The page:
Love comes full circle

Couple finds their way back to each other after 35 years apart

Sara Martin
January 27, 2020

The road to wedded bliss was paved with obstacles the first time Sig and Fern Sigafoos married in December 1974.

"There were a number of factors that made it difficult," says Fern. "It wasn't that we didn't love each other."

The couple divorced two years later, only to find their way back to each other after 35 years apart.

"I wondered about him over the years," says Fern. "But I never imagined this part of our story."

Sig, on the other hand, held on to hope.

"I could picture this," he says, smiling at his bride of seven years.

First time around

Sig and Fern met in 1973 at Navarre's Restaurant in Phoenix, Ariz., where he was a bartender and she was a hostess and waitress. Fern, a widow at 30, had four kids and was trying to make ends meet. Sig had two children from his first marriage, who were living with their mother in Mesquite, Texas.

"One day, the boss asked if I could work on a Saturday," says Fern. "I told him I spent Saturdays with my kids. Sig overheard the conversation and offered to watch my kids so I could work."

Sig still remembers that day. He took Fern's kids to a drive-in theater to see The Poseidon Adventure.

"Sig moved to Dallas not long after, but we wrote letters back and forth," says Fern. "He came back to Arizona for Thanksgiving 1974 and said, 'I think we should get married.'"

The couple wed on December 26, 1974. After the wedding, Fern and her kids joined Sig in Dallas.

"My kids had a hard time when we moved to Texas," says Fern. "They were 16, 14, 12, and 5 at the time. They'd left behind friends and family. It wasn't an easy transition."

Eventually, Fern felt it was in her kids' best interest to return to Arizona.

"I didn't want to leave Sig, and he didn't want me to go, but the kids needed to move home," says Fern. "Two years later, he filed for divorce."

Exploring new opportunities in Dallas

In Dallas, Sig's career took off. He worked as a printed circuit board designer for Rockwell Collins, a job he loved. His office was at the corner of Arapaho Road and Central Expressway, and he'd often travel up Coit Road after work on Friday evenings to stock up on groceries and supplies at the Sam's Club in Plano before heading home to Lavon Lake, northeast of Dallas.

"I was driving up Coit Road one day in 2005 when I saw a sign advertising Highland Springs, a new retirement community coming soon," says Sig. "I looked online and saw Erickson Living managed 15 other communities across the country with over 17,000 residents. I figured 17,000 people couldn't be wrong."

Sig stopped at the sales trailer located on the property and spoke with Sales Counselor Lauren Rozdilsky. 

"There were two primary selling points," says Sig. "Lauren told me the community would have full-time doctors on staff, and that Erickson Living offers a Home for Life commitment."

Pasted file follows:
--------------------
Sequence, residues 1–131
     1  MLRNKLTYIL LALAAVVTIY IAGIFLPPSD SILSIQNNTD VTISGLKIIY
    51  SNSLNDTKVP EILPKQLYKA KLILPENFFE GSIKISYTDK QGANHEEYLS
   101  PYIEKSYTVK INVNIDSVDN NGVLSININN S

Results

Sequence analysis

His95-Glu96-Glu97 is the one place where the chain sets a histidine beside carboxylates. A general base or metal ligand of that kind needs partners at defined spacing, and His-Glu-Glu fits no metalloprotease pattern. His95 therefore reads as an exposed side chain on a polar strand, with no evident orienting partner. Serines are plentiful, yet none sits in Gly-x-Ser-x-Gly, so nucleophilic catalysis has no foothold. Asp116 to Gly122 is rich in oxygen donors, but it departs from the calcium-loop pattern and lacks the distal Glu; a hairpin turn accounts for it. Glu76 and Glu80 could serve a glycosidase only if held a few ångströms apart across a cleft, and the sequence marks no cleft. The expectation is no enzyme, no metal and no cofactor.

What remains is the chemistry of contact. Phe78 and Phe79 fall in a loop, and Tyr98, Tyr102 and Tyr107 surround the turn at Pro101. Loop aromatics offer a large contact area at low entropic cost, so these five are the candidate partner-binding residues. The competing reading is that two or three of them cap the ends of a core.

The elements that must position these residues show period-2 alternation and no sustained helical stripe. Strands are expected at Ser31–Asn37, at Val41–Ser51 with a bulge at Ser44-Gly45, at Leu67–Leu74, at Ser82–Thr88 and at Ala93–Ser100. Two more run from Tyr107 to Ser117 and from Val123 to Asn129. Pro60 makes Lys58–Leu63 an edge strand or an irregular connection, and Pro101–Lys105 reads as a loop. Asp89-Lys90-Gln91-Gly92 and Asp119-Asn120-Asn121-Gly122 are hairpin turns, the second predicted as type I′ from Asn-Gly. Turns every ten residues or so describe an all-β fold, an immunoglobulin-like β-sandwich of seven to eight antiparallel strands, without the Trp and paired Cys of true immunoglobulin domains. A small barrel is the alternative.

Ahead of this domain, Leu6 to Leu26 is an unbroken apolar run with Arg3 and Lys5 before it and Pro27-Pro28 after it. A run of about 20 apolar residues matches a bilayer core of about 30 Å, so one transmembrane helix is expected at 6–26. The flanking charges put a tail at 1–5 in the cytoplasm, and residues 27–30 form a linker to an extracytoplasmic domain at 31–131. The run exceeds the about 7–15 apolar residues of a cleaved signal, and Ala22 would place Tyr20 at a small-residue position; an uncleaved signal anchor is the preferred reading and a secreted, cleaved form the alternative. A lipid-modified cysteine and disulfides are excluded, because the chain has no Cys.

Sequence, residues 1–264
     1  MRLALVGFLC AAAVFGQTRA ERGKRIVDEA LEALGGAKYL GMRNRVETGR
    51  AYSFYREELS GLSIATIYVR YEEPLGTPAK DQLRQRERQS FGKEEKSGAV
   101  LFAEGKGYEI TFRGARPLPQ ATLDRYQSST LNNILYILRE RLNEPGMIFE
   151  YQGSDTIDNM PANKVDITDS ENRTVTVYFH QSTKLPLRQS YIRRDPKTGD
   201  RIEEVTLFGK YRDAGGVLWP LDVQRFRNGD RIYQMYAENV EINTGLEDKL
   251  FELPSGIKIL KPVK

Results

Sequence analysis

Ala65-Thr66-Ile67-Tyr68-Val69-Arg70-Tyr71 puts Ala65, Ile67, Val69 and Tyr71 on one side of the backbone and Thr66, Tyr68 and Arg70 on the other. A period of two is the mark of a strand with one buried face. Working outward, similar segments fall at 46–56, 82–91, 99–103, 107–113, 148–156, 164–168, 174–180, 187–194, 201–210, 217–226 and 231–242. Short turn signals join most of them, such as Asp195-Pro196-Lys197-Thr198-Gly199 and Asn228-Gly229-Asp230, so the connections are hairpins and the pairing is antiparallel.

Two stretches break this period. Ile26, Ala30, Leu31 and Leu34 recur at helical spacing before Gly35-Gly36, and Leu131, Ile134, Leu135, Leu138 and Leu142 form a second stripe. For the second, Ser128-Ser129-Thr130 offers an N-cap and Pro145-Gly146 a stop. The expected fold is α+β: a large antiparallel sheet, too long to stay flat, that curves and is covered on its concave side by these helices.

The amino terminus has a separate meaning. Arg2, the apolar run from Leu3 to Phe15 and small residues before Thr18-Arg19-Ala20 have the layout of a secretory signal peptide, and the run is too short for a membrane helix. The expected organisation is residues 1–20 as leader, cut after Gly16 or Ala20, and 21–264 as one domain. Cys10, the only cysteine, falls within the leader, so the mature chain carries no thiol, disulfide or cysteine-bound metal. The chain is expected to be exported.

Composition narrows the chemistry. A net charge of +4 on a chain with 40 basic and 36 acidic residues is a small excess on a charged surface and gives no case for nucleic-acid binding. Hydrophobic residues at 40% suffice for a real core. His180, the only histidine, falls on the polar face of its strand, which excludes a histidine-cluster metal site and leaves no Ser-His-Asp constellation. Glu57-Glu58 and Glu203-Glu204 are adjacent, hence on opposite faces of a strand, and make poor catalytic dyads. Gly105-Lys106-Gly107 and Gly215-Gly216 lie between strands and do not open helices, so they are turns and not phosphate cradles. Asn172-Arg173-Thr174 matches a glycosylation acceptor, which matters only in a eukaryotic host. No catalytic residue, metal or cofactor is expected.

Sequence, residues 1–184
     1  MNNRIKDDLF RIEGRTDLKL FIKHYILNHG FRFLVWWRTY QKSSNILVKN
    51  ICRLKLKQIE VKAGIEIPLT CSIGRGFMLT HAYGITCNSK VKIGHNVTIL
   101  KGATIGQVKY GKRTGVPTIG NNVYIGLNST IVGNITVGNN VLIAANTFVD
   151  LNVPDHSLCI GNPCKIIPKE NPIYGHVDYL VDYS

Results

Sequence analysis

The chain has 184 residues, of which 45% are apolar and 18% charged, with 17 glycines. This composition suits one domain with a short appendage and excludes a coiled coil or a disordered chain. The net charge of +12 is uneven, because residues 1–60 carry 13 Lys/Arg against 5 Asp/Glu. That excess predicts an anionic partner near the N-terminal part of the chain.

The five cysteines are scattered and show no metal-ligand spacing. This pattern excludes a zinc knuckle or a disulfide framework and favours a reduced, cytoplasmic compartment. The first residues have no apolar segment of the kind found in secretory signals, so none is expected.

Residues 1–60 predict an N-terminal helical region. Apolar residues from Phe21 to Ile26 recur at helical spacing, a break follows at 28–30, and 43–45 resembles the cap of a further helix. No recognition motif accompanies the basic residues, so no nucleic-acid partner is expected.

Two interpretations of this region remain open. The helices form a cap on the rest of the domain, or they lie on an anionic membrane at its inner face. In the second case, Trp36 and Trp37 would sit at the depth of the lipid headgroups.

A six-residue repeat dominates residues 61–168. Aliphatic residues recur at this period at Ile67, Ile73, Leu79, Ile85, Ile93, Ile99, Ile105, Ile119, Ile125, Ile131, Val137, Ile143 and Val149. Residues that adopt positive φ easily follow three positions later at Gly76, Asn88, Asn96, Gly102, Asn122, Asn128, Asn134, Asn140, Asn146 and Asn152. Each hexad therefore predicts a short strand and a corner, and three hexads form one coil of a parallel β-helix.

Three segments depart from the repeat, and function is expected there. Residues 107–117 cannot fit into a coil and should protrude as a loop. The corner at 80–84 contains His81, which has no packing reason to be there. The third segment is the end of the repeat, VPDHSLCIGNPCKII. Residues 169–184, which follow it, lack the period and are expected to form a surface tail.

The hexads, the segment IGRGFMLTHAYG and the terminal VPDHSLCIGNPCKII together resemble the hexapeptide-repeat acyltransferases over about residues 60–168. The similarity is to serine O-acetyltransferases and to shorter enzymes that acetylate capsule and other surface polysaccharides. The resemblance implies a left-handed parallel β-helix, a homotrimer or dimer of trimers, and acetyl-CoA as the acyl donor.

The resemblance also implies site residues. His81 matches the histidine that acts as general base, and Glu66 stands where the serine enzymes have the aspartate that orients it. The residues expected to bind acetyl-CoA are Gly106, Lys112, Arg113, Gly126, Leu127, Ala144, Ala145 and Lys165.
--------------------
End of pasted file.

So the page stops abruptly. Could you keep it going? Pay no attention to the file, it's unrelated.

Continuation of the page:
Highland Springs maintains a Resident Care Fund designed specifically to assist eligible residents who outlive their resources. No one has ever been asked to leave the community because of a genuine inability to pay. The Residence and Care Agreement has complete details.

Sig put down a deposit and was one of the first people to move to Highland Springs when it opened in the fall of 2006.

Back in touch

Fern, meanwhile, had remarried and moved to Bellefontaine, Ohio. In 2010, she received an unexpected email. After decades of no contact, Sig reached out to Fern's high school to get her email address.

"He was emailing to let me know he'd been diagnosed with throat cancer," says Fern. "He wrote, 'I know wherever you're living, you're involved in church. Please say a prayer for me.'"

In a whirlwind season of life, Fern's husband Ron was also diagnosed with cancer and passed away in 2011. Sig's cancer went into remission, and he's been cancer-free ever since.

"After Ron died, Sig invited me to visit Highland Springs," says Fern. "He offered to fly me down to Dallas and book a guest suite at the community."

Fern traveled to Highland Springs in September 2012. The couple spent an elegant date night at the Highland Springs gala, took pictures around the pond adjacent to the Hillcrest Clubhouse, and rekindled their romance.

Two months later, Sig flew to Ohio for Thanksgiving and returned again at Christmas.

"While he was in Ohio for Christmas, we decided to get married a second time," says Fern. "We married on the same day as before, December 26."

Love gets the last word

This time, Fern's move to Dallas was the opposite experience. At Highland Springs, she had a built-in network of friends, activities, and opportunities to get involved. Sig welcomed his new wife into his Fordham-style apartment home, and the couple began to dream of adventures they could share together.

"Our kids get along great," says Fern. "And we're blessed with grandchildren and great-grandchildren."

Sig and Fern spent 12 days in Italy in November 2018, where Sig fulfilled a life-long dream of climbing the Leaning Tower of Pisa. They traveled to London and Paris in April 2019 and hopped across the pond again in November 2019 to Ireland, where Sig kissed the Blarney Stone and then leaned in to kiss his wife.

This year, they're planning an April trip to Amsterdam, Luxembourg, and Belgium and a November trip to Germany.

"When we married the second time, I thought it would turn out really well," says Sig. "And it has."